i need a budget friendly headphone for listening to heavy metal songs from 80s. i prefer something durable which every parts could be replaceable like pads & cable. i can’t decide between k240 studio & k361. i know k240 has great soundstage but lacks bass due to semi open design but if i go with k361 i will lose wide soundstage in favor of better base. i can’t find shp9500 and mdr7506 in my region. please guide me to choose a reliable heavy duty headphone for heavy metal and gaming purpose between k240 studio and k361.

Reply
Stuart Charles Black August 30, 2021 - 7:35 pm

Hey man! I’d honestly bypass both of those and go straight for an HD25. Here’s why: https://homestudiobasics.com/the-sennheiser-hd25-will-change-your-life/

Reply
Mac July 25, 2022 - 2:04 am

Hey Stu,
Another great one thanks very much, out of the box I agree with review. (PLEASE LOOK AWAY IF YOU HATE ANYTHING RELATING TO HEADPHONE BURN IN :D) On a wim, I decided to try buring these headphones in. My wife and I both have a pair of these I decided to preform and the experiment. Long story short I burned them in for 300 hrs straight using a 12hr burn in track on youtube. The results were were really obvious and even more so via my K5 and Dragonfly Red. I even ran three blind listening tests and the burned in headset won every time.

How did the sound change? I haven’t put in for my audiofile badge yet, so my word salad skills are lacking but I’d describe the change as an overall refinement. Those $100 moments you mentioned are gone. I’ve tested gone from Stan Getz to Yppah, Bach to Yes, Soundgarden to Eno, just to name a few and covered every genre I listen to, I have yet to have anymore of those “WTF is this” moments. The bass in particular is notably more refined. The overall quality of the sound is much more pleasant and enjoyable. Basically It sounds as though the burn in acted like sand paper and smoothed out the rough spots. Its toned down the things that were problemtic and enhanced things that I already like.

Finally, after reading various threads on I decided to try the Dekoni Choice Suede pads specifically for the 371 and 361’s again these have even further enhanced the sound and seemed to have gently improved the sound stage.

I’ve gone from thinking that this was a good pair of headphones that I bought to use all day at work and when I was out and about to really loving them. They are the best closed backs I’ve owned and I’d highly recomend them. BUT i thnk they really need to be burned in and adding the Dekoni pads was worth ordering them from the US.

Not matter what, these are still heaphones designed to the Harman Curve, they are what they are. The burn in gave me refinements not major changes.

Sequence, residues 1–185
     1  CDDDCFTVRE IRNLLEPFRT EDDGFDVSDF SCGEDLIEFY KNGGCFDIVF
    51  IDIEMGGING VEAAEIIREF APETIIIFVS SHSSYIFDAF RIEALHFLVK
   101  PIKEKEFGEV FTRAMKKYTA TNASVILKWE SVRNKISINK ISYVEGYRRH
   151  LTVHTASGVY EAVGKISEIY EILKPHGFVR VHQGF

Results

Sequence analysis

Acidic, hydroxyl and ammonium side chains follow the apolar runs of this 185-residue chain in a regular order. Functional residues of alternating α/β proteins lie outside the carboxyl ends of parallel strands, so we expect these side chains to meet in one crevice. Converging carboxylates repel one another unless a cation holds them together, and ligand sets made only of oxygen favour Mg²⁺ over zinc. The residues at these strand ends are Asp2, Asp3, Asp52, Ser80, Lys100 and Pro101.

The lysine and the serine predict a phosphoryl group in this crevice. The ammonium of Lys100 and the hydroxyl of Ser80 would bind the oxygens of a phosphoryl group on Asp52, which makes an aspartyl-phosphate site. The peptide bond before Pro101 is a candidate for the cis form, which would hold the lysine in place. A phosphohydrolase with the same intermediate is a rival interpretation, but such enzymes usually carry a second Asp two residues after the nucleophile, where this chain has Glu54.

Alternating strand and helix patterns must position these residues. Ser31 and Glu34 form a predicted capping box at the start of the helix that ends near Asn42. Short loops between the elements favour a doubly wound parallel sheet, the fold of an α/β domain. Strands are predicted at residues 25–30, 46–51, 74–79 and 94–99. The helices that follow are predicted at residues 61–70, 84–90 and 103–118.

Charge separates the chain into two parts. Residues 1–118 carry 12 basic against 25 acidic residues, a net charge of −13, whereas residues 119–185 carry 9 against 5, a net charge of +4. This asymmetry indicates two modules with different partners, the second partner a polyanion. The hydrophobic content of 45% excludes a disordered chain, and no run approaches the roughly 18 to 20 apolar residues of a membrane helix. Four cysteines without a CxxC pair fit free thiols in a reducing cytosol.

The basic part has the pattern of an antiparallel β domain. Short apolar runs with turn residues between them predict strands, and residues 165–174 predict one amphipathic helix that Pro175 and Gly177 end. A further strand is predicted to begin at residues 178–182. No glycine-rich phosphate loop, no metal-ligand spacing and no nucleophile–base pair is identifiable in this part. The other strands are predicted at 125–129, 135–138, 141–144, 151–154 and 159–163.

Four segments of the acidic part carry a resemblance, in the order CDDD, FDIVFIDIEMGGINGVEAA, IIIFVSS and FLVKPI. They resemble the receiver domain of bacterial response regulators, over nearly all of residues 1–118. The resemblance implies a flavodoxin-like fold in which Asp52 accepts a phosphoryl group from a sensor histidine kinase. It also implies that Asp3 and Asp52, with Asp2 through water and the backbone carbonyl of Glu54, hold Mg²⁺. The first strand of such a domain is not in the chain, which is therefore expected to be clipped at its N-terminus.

Reply
Stuart Charles Black July 26, 2022 - 3:30 pm

Glad you had such a great experience man! I want to do a completely objective test of this and report my findings. It involves using a brand new pair of AKG K702 vs. a K702 that I’ve had for almost 3 years, only I will replace the pads and put brand new ones on them. Then I will use a measuring rig to measure both and see if anything changed within the sound signature itself.

Reply
Mac July 26, 2022 - 8:12 pm

Funny that you should mention that. The left side of my 702 went out and I had to return them. I got the new ones just as I was finishing my experiment. I have had my new 702 on the same regime for the last week and a half. Sadly. I’ll be comparing from memory, I did spend a couple of hours with them one the day they came after not hearing them for at least 3 weeks, also having had them for a few months before. I will be finished by the end of the weekend. I’ll let you know what I think then.

Reply
Stuart Charles Black July 27, 2022 - 4:10 pm

Yeah man, keep me posted! Sorry to hear about that. I’ve had mine since 2019 with no issues.

Reply
Phil May 2, 2023 - 1:46 am

I am a long time Sennheiser HD600 user, but recently bought some K371s for something cheaper and more efficient to travel with. What I didn’t know is that AKG does not sell replacement OEM style earpads and one of mine is torn. I spent $25 for replacement pads from Brainwaivz, only to find they are at least 50% thicker and use firmer foam. This positions the ear so far away from the drivers that they are useless for critical listening. Does anyone know where I can purchase OEM thickness replacement pads?

Reply
Stuart Charles Black May 6, 2023 - 4:10 pm

Hey Phil!

Brainwavz can definitely be hit and miss.

Dekoni is generally where I’d look though they can get expensive. They do have a Suede replacement that looks to mimic the originals quite well. https://dekoniaudio.com/product/dekoni-audio-choice-suede-replacement-ear-pads-for-akg-k371-headphones/

Reply
Alex June 21, 2023 - 3:40 pm

Hi Stu, great reviews!
After reviewing the K371 do you still prefer the HD25 for metal? I listen mostly metal and electronic music but cant decide.

Reply
Stuart Charles Black June 28, 2023 - 2:11 pm

Hey Alex! Yeah, HD25 is absolutely the best headphone for metal that I’ve tried and it’s not that close. You’ll find the 371 to be a bit too bass happy with that shelf in certain instances. Go for the HD25 and don’t hesitate!

Reply